New Delhi: India is expected to add 9.4 gigawatts (GW) of solar power capacity in 2017 but rising competition is squeezing investor returns, said a report released by Bridge to India (BTI) on Monday.
It added that “it is still an unnerving time for project developers and investors as rising competition forces tariffs down and the sector faces headwinds from module price rises, tender cancellations, GST (goods and services tax) and anti-dumping duty-related uncertainty”.
Despite this, the forecast for total addition of solar power as per BTI’s India Solar Compass is more than its forecast earlier this year. In May, BTI released its India Solar Handbook 2017, which said that with 8.8GW of capacity addition projected in the year ahead India is set to become the third biggest solar market globally in 2017, overtaking Japan.
The India Solar Compass report, a quarterly update on the Indian solar market, noted that second quarter (Q2) of 2017 was a landmark period in the Indian solar sector with tariffs falling below the critical threshold of Rs3 per unit, making solar power the cheapest new source of power in the country.
“After a bumper Q1 (first quarter) 2017 when India added 3,120 megawatts (MW) of utility scale solar capacity, pace in Q2 2017 was relatively slow at 1,437MW against a scheduled capacity addition of 3,300MW. Highest capacity addition as well as slippage was from the 2,000MW allocation in Telangana,” said the BTI report.
“Around 1,680MW was due to be commissioned in Q2 but only 640MW came online because of delays arising from land and transmission-related issues,” it emphasized.
The report further said that the expected new utility scale capacity addition in Q3 and Q4 2017 will be 1,565MW and 2,265MW respectively. Of the 9.4GW in 2017, the expectation for total rooftop solar capacity is 1,056MW.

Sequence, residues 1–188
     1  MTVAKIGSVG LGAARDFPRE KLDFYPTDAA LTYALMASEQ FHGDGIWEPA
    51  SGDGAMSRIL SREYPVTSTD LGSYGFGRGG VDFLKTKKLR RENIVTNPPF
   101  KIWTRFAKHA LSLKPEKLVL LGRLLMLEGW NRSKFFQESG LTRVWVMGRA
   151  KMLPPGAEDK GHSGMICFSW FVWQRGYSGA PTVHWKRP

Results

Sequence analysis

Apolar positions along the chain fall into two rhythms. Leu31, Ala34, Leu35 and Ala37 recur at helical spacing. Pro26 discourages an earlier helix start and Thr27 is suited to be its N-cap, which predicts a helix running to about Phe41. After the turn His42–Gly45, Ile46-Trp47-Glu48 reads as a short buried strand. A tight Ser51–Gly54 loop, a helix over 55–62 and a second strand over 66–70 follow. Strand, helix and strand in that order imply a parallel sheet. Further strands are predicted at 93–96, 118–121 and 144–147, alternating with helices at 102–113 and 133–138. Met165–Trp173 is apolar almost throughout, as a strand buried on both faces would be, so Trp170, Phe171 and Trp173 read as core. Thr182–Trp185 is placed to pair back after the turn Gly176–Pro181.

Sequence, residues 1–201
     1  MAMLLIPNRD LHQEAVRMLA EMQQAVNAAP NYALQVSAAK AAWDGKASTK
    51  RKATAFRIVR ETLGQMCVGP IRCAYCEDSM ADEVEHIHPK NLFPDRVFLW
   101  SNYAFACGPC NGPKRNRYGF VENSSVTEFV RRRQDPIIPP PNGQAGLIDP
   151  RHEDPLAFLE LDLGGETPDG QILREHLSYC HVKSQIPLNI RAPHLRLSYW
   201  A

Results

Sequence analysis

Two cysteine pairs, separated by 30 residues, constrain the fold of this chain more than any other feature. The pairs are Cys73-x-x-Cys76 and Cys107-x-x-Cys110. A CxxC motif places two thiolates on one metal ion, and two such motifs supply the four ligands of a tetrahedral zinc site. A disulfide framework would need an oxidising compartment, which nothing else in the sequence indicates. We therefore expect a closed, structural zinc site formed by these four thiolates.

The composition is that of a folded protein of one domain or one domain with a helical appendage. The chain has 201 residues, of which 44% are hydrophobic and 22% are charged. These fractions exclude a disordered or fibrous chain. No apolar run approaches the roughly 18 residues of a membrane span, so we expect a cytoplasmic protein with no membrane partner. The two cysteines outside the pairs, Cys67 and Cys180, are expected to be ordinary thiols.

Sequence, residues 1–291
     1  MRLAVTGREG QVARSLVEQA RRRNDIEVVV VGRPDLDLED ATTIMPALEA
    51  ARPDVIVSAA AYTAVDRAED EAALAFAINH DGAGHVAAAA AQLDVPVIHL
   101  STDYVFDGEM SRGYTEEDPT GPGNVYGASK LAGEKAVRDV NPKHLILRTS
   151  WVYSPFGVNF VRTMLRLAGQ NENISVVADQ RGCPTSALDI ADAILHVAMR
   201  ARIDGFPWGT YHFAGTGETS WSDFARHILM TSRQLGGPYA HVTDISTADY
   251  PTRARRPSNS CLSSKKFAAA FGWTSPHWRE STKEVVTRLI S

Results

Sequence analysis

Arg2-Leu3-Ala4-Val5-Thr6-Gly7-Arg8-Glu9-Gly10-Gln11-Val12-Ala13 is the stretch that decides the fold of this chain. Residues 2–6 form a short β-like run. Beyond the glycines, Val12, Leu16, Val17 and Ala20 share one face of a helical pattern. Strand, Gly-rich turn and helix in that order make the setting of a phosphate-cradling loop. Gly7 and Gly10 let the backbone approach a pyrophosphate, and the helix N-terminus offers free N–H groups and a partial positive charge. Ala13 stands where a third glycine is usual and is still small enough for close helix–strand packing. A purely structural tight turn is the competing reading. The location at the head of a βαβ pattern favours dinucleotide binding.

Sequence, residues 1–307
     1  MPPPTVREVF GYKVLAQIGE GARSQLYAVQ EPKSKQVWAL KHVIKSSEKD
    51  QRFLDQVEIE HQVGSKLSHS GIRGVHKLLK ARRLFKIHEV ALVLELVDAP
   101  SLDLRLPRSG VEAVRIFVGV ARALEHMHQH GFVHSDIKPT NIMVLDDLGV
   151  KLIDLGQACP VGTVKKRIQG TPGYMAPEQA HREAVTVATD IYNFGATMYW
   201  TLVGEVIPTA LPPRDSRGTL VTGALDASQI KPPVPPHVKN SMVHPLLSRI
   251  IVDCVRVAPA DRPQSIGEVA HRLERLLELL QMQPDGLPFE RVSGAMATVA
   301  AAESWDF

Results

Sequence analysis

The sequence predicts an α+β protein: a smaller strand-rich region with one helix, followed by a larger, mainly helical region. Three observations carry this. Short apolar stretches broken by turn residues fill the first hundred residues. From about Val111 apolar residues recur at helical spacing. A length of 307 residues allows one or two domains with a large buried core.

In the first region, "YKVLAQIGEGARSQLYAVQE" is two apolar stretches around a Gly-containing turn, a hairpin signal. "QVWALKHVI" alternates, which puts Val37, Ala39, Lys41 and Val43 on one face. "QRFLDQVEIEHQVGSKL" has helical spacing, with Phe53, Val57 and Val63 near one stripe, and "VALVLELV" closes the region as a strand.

“Indian solar sector continues to grow rapidly with capacity addition in 2017 expected to go up y-o-y (year-on-year) by 90%. Rooftop solar is also showing robust growth as solar power becomes increasingly more attractive with falling costs. All this is acting as a huge pull for international investors and equipment suppliers,” said BTI’s managing director Vinay Rustagi.
He, however, said that the “challenge is to sustain this growth as discoms (distribution companies) seem to be frozen in the headlights with falling tariffs and weak power demand.”
“The over-riding need of the moment is for central government and regulators to ensure that the tender allocation and project contractual structures are robust and not prone to short-term fluctuations,” he added.
Meanwhile, the report highlighted that more than 3,000MW of new tenders were announced, greater than the aggregate of all new tenders announced in three previous quarters but at the same time, eight tenders with an aggregate capacity of 2,130MW were scrapped due to discoms reconsidering their power procurement options.
As on 30 June, the total installed renewable power capacity across India is 58,303.35MW. Of that 13,114.85MW is solar power. India has an ambitious target of 100GW of solar power by 2022.